3. Independence at Home

For most of us, the changing needs of our elderly parents are gradual. Ideally, it’s best to find ways for them to remain independent for as long as possible in their own home. For example, they may be able to cook, clean, take any medication, and be relatively active. There are a host of companies that offer products and services to help elderly people stay in their own homes. Here are a few:

  • A stair lift enables them to stay at home and use the upstairs without the stress of having to move.
  • A personal alarm will enable help to arrive quickly when assistance is needed.
  • A Rise and recline chair will enable your parents to get in and out of a chair easily.
  • A bath lift can make it much easier to take a shower.
  • Products that provide additional help for pensioners that wish to remain independent while feeling secure in their own home.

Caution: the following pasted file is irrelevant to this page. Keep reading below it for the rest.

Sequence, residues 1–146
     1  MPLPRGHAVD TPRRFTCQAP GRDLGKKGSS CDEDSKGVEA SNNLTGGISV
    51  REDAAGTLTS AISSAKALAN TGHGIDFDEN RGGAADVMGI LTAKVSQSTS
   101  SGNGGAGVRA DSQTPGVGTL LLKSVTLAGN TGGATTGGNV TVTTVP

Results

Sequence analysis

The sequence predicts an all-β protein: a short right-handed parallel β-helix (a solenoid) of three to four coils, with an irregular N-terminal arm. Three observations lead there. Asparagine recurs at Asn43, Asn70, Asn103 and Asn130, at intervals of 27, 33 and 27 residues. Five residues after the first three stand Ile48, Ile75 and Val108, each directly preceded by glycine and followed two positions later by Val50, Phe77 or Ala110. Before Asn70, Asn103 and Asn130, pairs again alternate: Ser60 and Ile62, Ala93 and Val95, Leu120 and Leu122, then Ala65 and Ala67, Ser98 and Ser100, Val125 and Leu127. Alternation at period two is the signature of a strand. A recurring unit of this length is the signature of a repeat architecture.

4. Support and Guidance

Over a period of time, your elderly relatives may become less mobile, have difficulty shopping, or show signs of mild dementia. It’s at this point where you may have to take the initiative. If it is possible to discuss these things openly with your parents beforehand, your job is somewhat easier.

There is a lot of help out there if you know where to find it. Local authorities offer a broad range of services for the elderly, so contacting their GP or their local adult social services department may be a good place to start. There are many charities that have local volunteers that provide social events during the week. This is a great way for your elderly parents to stay socially active and feel more purposeful.

One such charity whose aim is to tackle loneliness specifically is Re-engage. They organise monthly Sunday afternoon tea parties for small groups of elderly people over the age of 75 in your local area. It gives thousands of people something to look forward to each month.

5. Share the Load